In geometry, a figure with one pair of parallel sides is referred to as **trapezoid** in American English, and as a **trapezium** in British English. A trapezoid with vertices ABCD is denoted Template:Trapezoidnotation.

## Definition and terminologyEdit

In North America, the term trapezium is used to refer to a quadrilateral with no parallel sides. The term trapezoid has been defined as a quadrilateral without any parallel sides in Britain and elsewhere,^{[1]}^{[2]} but this does not reflect current usage (the Oxford English Dictionary says “Often called by English writers in the 19th century”).^{[3]}

According to the *Oxford English Dictionary*, the trapezoid as a figure with no sides parallel is the sense for which Proclus introduced the term; it is retained in the French "trapézoïde", German "trapezoïd", and in other languages. A trapezium in Proclus' sense is a quadrilateral having one pair of its opposite sides parallel. This was the specific sense in England in 17th and 18th centuries, and again the prevalent one in recent use. A trapezium as any quadrilateral more general than a parallelogram is the sense of the term in Euclid. The sense of a trapezium as an irregular quadrilateral having no sides parallel was the usual sense in England from c1800 to c1875, but is now rare. This sense is the one that is standard in the U.S., but in practice quadrilateral is used rather than trapezium.^{[3]}

This article uses the term **trapezoid** in the sense that is current in the USA and some other English-speaking countries. Readers in the UK should read **trapezium** for each use of *trapezoid* in the following paragraphs.

There is also some disagreement on the allowed number of parallel sides in a trapezoid. At issue is whether parallelograms, which have two pairs of parallel sides, should be counted as trapezoids. Some authors^{[4]} define a trapezoid as a quadrilateral having *exactly* one pair of parallel sides, thereby excluding parallelograms. Other authors^{[5]} define a trapezoid as a quadrilateral with *at least* one pair of parallel sides, making a parallelogram a special type of trapezoid.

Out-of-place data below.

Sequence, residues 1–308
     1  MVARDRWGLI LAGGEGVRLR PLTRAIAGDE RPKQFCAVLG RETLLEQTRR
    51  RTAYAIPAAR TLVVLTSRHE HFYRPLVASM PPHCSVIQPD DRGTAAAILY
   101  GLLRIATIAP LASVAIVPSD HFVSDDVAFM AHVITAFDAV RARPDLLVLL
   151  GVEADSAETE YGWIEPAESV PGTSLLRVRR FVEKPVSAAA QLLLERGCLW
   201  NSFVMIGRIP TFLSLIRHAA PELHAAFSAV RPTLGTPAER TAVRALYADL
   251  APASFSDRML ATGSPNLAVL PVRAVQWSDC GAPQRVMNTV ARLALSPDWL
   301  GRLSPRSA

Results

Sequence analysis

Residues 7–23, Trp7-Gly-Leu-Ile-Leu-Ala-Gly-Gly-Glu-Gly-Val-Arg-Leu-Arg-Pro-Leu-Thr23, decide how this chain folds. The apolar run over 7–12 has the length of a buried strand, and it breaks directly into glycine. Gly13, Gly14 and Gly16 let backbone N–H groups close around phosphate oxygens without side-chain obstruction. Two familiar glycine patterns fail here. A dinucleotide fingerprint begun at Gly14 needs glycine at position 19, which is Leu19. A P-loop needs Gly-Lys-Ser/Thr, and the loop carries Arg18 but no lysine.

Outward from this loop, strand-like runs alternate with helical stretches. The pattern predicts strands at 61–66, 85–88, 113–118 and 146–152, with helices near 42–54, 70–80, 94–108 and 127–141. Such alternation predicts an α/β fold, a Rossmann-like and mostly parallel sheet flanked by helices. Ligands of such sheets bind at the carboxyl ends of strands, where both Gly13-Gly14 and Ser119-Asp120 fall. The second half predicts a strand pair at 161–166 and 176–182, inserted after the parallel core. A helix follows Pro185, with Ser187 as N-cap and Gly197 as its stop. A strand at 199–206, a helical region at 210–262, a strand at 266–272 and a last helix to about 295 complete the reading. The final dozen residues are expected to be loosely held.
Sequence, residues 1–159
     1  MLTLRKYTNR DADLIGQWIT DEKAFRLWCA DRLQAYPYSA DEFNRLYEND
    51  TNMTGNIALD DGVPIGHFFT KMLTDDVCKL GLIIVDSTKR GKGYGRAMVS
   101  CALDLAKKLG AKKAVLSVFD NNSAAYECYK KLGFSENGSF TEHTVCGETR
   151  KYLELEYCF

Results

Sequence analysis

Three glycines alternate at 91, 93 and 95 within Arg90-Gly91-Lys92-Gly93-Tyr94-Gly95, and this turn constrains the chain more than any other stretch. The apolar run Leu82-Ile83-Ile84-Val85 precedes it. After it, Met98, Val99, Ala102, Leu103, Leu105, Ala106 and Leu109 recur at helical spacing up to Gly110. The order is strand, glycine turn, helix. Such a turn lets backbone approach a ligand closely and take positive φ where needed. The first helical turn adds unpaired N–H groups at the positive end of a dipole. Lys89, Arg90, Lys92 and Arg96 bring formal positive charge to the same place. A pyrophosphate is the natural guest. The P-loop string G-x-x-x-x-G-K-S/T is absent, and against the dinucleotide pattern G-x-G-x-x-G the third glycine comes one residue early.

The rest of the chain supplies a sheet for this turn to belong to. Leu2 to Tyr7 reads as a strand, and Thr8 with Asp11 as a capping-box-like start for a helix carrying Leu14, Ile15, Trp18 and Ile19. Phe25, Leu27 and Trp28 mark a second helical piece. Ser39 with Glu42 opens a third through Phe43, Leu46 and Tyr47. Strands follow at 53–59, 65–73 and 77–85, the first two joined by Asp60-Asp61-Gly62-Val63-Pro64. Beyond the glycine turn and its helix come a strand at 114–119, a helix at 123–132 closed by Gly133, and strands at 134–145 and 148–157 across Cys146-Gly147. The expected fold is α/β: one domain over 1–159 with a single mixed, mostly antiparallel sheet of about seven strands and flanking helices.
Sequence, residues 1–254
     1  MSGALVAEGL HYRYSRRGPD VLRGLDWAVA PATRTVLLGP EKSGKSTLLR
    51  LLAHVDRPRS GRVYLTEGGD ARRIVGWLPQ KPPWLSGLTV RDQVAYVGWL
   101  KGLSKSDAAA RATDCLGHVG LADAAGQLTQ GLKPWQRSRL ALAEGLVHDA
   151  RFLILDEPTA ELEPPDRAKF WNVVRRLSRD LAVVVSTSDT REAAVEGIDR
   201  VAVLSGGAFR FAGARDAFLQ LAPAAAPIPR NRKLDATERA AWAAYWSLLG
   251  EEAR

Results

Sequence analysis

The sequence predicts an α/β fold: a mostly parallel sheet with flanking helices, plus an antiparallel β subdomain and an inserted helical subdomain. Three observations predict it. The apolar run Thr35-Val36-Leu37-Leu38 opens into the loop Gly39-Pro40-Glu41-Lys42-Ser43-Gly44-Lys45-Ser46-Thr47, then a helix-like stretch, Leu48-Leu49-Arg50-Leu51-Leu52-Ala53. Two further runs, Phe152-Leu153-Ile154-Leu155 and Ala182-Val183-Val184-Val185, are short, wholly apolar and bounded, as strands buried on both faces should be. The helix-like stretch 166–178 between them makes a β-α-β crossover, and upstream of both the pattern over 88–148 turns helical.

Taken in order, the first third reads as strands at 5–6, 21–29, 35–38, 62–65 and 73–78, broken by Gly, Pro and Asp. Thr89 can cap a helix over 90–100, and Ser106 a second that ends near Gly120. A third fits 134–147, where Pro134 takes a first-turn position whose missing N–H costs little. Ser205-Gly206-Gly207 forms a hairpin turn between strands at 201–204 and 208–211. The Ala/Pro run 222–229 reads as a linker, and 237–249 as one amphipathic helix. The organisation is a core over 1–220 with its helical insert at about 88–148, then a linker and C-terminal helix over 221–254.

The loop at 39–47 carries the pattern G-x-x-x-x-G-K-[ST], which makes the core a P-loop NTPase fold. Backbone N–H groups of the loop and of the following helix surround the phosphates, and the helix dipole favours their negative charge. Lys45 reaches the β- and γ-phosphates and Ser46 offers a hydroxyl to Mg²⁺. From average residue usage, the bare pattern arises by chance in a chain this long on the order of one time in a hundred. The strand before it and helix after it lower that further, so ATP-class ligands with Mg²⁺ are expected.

## Characteristics and propertiesEdit

In an isosceles trapezoid, the base angles are equal, and so are the other pair of opposite sides AD and BC.

If sides AD and BC are also parallel, then they are equal, and the trapezoid is also a parallelogram. Otherwise, the other two opposite sides may be extended until they meet at a point, forming a triangle containing the trapezoid.

A quadrilateral is a trapezoid if and only if two adjacent angles that are supplementary, that is, they add up to one straight angle of 180 degrees (π radians). Another necessary and sufficient condition is that the diagonals cut each other in mutually the same ratio; this ratio is the same as that between the lengths of the parallel sides.

The mid-segment (occasionally referred to as the median) of a trapezoid is the segment that joins the midpoints of the other pair of opposite sides.

The area of the trapezium is equal to the length of this mid-segment multiplied by the perpendicular height.

Another formula for the area can be used when all that is known are the lengths of the four sides. If the sides are *a*, *b*, *c* and *d*, and *a* and *c* are parallel (where *a* is the longer parallel side), then:

This formula does not work when the parallel sides *a* and *c* are equal since we would have division by zero. In this case the trapezoid is necessarily a parallelogram (and so ) and the numerator of the formula would also equal zero. In fact, the sides of a parallelogram aren't enough to determine its shape or area, the area of a parallelogram with side lengths *a* and *b* can be any number from to 0.

When the smaller parallel side *c* is set to 0, this formula reduces to Heron's formula.

The line joining the mid-points of the parallel sides (which could also be called the median) bisects the area.

A better way to find the area of a trapezoid is:

If the trapezoid above is divided into 4 triangles by its diagonals *AC* and *BD*, intersecting at *O*, then the area of Δ*AOD* is equal to that of Δ*BOC*, and the product of the areas of Δ*AOD* and Δ*BOC* is equal to that of Δ*AOB* and Δ*COD*. The ratio of the areas of each pair of adjacent triangles is the same as that between the lengths of the parallel sides.

## ArchitectureEdit

In architecture the word is used to refer to symmetrical doors, windows, and buildings built wider at the base, tapering towards the top, in Egyptian style.

## See alsoEdit

## ReferencesEdit

- ↑
*Chambers 21st Century Dictionary*Trapezoid - ↑ Template:Cite web
- ↑
^{3.0}^{3.1}*Oxford English Dictionary*entries for trapezoid and trapezium. - ↑ Template:Cite web
- ↑ Template:Cite web

## External links Edit

- "Trapezoid" on MathWorld
- Trapezoid definition Area of a trapezoid Median of a trapezoid With interactive animations
- Trapezoid (North America) at elsy.at: Animated course (construction, circumference, area)
- [1] on
*Numerical Methods for Stem Undergraduate* - Autar Kaw and E. Eric Kalu,
*Numerical Methods with Applications*, (2008) [2]ar:شبه منحرف

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